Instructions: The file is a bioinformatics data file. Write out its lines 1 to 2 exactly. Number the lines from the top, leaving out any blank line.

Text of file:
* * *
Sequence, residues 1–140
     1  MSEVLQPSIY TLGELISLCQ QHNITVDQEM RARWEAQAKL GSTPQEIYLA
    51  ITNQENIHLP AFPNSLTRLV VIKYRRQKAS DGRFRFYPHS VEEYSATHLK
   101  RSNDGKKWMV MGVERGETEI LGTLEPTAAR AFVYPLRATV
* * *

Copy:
Sequence, residues 1–140
     1  MSEVLQPSIY TLGELISLCQ QHNITVDQEM RARWEAQAKL GSTPQEIYLA